of the rafter through the fold in the ridge batten strap to take all the
slack out of the strap fixing.
Over a year the timber (or steel) roof will move with
thermal and moisture expansion and contraction. This can cause the ridge
of a domestic roof to rise and fall approximately 40mm. This movement
can pull a bent strap straight and result in the ridge batten rising off
the apex of the trussed rafter. This can produce what is known as
‘rising nail syndrome’, which only happens at the ridge.
The position of waterproofing membrane under the ridge tiles, or the
ridge to ridge seals, and skirts between the ridge tiles and the roof
tile/slates, will vary, and the fixing instructions should always be
followed. The majority of waterproof membranes should be installed over
the ridge batten to protect it. With systems without a waterproof
membrane the ridge batten does not need additional protection. Skirts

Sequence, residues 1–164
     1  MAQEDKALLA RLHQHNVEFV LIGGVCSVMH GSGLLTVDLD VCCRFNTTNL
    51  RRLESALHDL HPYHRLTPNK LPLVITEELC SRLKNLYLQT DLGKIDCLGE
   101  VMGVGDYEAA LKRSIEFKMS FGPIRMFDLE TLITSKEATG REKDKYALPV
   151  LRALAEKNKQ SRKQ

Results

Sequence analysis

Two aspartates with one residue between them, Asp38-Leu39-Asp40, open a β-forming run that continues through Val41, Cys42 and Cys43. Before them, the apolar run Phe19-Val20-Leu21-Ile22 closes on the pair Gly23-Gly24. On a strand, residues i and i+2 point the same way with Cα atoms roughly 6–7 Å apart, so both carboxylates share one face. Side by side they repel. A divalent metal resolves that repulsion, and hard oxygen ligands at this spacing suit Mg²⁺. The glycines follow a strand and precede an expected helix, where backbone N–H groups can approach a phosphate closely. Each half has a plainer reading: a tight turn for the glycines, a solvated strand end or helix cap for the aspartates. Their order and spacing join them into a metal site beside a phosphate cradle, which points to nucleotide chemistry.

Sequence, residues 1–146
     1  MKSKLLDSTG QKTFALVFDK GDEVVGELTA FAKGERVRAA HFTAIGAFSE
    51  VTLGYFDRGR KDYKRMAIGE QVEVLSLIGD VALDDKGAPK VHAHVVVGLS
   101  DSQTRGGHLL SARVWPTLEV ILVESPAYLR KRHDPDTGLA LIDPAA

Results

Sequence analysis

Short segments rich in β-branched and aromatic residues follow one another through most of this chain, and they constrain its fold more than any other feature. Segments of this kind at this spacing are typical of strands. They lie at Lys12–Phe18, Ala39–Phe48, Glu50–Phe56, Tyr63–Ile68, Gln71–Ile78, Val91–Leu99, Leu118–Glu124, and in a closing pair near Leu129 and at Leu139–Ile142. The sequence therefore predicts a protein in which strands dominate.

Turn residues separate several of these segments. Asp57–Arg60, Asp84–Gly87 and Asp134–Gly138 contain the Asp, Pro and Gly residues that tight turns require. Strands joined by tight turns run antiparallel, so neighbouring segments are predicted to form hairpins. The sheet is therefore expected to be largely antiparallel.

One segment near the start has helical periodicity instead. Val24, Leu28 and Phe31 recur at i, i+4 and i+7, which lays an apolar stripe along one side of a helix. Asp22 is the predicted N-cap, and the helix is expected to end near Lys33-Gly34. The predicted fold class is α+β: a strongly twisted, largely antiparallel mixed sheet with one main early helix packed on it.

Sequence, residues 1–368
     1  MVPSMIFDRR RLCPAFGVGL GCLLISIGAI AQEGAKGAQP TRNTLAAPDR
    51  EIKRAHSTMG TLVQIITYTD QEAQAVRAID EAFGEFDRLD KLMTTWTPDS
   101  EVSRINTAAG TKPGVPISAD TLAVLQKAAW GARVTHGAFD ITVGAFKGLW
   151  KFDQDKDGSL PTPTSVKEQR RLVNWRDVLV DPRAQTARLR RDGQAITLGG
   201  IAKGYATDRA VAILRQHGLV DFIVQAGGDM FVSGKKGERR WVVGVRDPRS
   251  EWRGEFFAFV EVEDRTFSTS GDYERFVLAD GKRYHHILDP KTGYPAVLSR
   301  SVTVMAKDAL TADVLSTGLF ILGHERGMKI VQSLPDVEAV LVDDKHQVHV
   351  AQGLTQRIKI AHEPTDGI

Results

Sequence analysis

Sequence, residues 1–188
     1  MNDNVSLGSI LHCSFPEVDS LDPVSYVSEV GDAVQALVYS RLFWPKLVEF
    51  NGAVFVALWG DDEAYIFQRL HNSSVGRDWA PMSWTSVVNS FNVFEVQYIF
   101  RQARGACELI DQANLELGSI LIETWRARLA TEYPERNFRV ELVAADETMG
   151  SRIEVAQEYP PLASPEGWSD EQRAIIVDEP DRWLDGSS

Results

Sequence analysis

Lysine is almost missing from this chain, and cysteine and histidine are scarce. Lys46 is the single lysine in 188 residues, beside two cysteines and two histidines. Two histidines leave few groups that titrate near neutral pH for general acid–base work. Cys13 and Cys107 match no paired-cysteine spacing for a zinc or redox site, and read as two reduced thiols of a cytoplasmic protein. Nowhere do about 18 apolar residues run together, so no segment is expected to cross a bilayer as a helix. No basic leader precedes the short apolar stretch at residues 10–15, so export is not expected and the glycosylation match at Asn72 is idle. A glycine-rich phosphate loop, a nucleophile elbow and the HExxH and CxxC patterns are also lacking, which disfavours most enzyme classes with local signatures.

and waterproofing membranes should be long enough to lap the head of the
roof tiles and slates on each roof slope by a minimum of 75mm to protect
the head nail holes. This may be difficult for deep profile tiles such
as clay pantiles or unders and overs, and may require the skirt material
to be able to stretch up to three times its original width, and
one-and-a-half times its length. The steeper the rafter pitch, the
narrower and deeper the corrugation, the more critical the skirt
material stretch will be.
- Install any ridge battens before
installing the top tile/slate battens.
- Nailed ridge tiles should be fixed
to a solid timber, rather than laminated tile battens, onto timber
- Ridge battens should be strapped
down with no slack to trussed rafters to prevent slack nails at a
by Chris Thomas, The Tiled Roofing Consultancy, 2 Ridlands Grove,
Limpsfield Chart, Oxted, Surrey, RH8 0ST, tel 01883 724774